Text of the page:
Power Rangers were marketed to boys and girls when I was little, but Barbie and G.I. Joe weren’t (I still played with both. I stole my brother’s G.I. Joe’s and dressed them up in Ken’s clothing. Ask my brother how pleased he was with that arrangement. I dressed Ken in G.I. Joe’s clothing too. I called Joe a doll. My dad then had something to say about that. “THEY’RE ACTION FIGURES!!!!” he says to this day. No, Dad, they are dolls. They lack private parts. He says otherwise.) Tonka trucks….marketed to boys. Who played with them more? I did. I would shove Barbie halfway inside the metal firetruck in fact. Kelly I could manage to fit all the way inside.

    I kind of cringe at Sleeping Beauty costumes only being available in pink (um, she wears blue 98% throughout the film everyone) and there being no Mulan armor and WHY CAN WOMEN NOT WEAR BATMAN OUTFITS?! (This one really gets me. I love Batman. Why do I have do be BATWOMAN? I don’t want to be the one that always needs help. I want to be Batman, okay?)

    • You comments were really funny. And I never thought about the “action figure” vs. “doll” phrasing! Both are plastic with movable limbs. I guess maybe the main difference is that the dolls have moving hair and no painted on clothes.

  3. Kids really notice this stuff, I agree. I have a son and daughter (also share rooms and mostly play together). My 3 year old son looked at the box of his new marble run, which featured a boy and girl playing together and said, ‘R can play with this with me, because it’s for boys and girls’.

  4. Rebecca – another blog I read (Rachel Marie Stone) has been curating posts about toys that have been “sexified” over the years – like Polly Pocket, My Little Pony… etc. I think you would be interested in reading it, based on what I’ve read on your blog before – here is the link to the series:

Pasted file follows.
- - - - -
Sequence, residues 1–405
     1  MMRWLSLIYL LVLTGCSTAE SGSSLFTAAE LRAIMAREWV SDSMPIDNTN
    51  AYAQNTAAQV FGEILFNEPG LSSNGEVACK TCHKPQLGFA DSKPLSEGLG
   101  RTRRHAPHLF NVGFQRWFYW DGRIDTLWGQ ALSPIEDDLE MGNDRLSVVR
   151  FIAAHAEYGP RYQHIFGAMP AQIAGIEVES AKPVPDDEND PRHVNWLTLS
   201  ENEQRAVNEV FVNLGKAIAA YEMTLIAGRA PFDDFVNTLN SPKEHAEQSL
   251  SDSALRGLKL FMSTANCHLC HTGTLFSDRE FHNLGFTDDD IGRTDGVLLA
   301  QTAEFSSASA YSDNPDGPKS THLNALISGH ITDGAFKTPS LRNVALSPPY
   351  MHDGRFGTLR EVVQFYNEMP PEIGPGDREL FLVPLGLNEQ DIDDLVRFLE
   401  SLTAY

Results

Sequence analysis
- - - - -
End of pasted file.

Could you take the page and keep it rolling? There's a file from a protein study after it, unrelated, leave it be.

5. Pingback: Is Blue Only A Boys Color - Dad Blunders | Life As I Know It | Dad Blunders | Life As I Know It

  6. Great article 😊 I have a 4 year old and 2year old boys, my older one wants creative making toys but sees the adverts as just girls playing with them so quickly changes his mind, we often buy them for him as we know he loves them, my youngest loves all the ‘girls’ toys, my little pony, carebears, little live pets, dolls houses, babies ect and we have never discouraged him infact the opposit we encourage both of our boys to play with what ever makes them happy. I hate that when people ask me what to get my youngest for presents I always have to say ‘girlie’ things, I really don’t think its just girlie to be kind, nurturing and empathetic all of which both my boys are, my older one does have weapons (swords ect) but he played with (and still does) all the ‘girlie’ toys, he is so sweet and kind, I wish more little boys were able to play with what they wanted. (sorry for the long post ) x

  7. My daughter was never fazed by the packaging of toys, thank goodness, and just went for what she wanted. But I’ve read the stories (including the ones here) about kids being sad thinking that they’re not meant to play a certain toy they want. It’s so stupid and frustrating! I first noticed the modern hyper-gendering of toys when I went shopping for baby toys after she was born. I was horrified to see all-pink versions of toys I’d loved as a baby, like the popcorn vacuum and the stacking rings. It’s sad that we have actually gone BACKWARD in this area. Our local chain stores didn’t have “boys” and “girls” signs over the sections, which was great, but still…